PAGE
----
A data breach usually spells financial and reputational disaster. But such an event can also be an opportunity for a security professional to capitalize.



Check out this post for the discussion that is the basis of our conversation on this week’s episode co-hosted by me, David Spark (@dspark), the producer of CISO Series and Allan Alford (@AllanAlfordinTX). Our guest is Michael Piacente, co-founder and managing partner, Hitch Partners.

Thanks to this week’s podcast sponsor, Anomali

Anomali is a leader in intelligence-driven cybersecurity solutions. Anomali turns threat data into actionable intelligence that drives effective security and risk decision making. Customers using Anomali identify cyber threats from all layers of the web, automate blocking across their security infrastructures, and detect and remediate any threats present in their networks. www.anomali.com

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On this episode of Defense in Depth, you’ll learn:

  • Salary negotiation is a topic that is always in vogue, but the post-breach angle shows the value companies are eventually seeing in the CISO role. Unfortunately for them they realize it after the fact.
  • A bad breach incident will cost far more than an investment in a good security team. But that’s your insurance policy.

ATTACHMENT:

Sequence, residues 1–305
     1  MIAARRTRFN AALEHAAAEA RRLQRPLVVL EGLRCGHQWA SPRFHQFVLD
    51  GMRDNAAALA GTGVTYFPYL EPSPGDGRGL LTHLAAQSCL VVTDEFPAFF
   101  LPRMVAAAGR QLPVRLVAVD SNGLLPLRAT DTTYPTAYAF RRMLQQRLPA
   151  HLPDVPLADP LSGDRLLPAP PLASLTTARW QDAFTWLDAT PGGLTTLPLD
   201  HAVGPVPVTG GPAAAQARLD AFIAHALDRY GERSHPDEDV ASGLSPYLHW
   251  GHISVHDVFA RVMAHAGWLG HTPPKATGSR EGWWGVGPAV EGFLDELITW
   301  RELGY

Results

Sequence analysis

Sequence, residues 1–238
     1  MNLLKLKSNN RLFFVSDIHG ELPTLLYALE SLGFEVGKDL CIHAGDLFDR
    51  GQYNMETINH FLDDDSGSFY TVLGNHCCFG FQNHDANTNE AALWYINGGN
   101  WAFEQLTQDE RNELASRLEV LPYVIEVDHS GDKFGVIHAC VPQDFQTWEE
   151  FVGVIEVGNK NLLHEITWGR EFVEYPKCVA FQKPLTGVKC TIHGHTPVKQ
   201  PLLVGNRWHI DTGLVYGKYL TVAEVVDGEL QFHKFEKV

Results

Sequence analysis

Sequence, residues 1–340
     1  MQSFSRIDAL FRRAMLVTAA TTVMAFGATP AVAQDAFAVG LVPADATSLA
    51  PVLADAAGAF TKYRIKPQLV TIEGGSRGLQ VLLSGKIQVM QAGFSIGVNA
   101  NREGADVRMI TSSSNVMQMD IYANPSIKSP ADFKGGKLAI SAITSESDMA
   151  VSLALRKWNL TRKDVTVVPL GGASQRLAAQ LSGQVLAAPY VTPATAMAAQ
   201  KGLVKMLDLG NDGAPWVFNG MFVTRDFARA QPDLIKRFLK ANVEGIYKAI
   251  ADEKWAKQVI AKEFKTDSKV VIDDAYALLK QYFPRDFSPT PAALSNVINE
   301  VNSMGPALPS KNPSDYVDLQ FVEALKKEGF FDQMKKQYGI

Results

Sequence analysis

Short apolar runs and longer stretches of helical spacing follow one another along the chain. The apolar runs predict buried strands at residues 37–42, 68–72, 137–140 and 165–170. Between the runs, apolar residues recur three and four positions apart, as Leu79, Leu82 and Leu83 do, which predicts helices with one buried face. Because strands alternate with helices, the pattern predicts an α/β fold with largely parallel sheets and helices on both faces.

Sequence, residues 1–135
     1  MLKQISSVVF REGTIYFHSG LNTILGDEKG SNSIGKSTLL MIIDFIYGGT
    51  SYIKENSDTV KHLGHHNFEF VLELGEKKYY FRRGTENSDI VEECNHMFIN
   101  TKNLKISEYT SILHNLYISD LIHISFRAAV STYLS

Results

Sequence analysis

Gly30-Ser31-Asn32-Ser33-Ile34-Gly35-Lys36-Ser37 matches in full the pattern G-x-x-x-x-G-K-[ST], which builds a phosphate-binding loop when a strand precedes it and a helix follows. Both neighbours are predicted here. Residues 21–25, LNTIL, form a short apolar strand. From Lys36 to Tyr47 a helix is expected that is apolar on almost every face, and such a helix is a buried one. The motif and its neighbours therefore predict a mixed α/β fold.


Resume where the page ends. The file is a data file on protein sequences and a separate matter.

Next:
• Location, industry, and size of company are all key factors on whether or not a CISO will be able to command a seven figure salary.
  • Industry specific skills will definitely come into play. If a bank is breached and you’ve been a security professional or a CISO at multiple banks that has maintained its cybersecurity without any significant incidents, then you have a lot of leverage.
  • When a company needs a CISO to right the ship, they’re going to want someone who has gained skills in the areas of communicating with the board, strategy, vision, leadership, and successfully creating a pro-security culture.
  • Negotiating salary is not just isolated to CISO role. There are cloud security architects that are in high demand and can garner a much higher wage than just a couple years ago.
  • Threats outnumber security people regardless of their rank. There’s no one person that’s going to prevent breaches. But if you have a poor security culture, then a company will need to pay for the talent to get it operating in the right direction.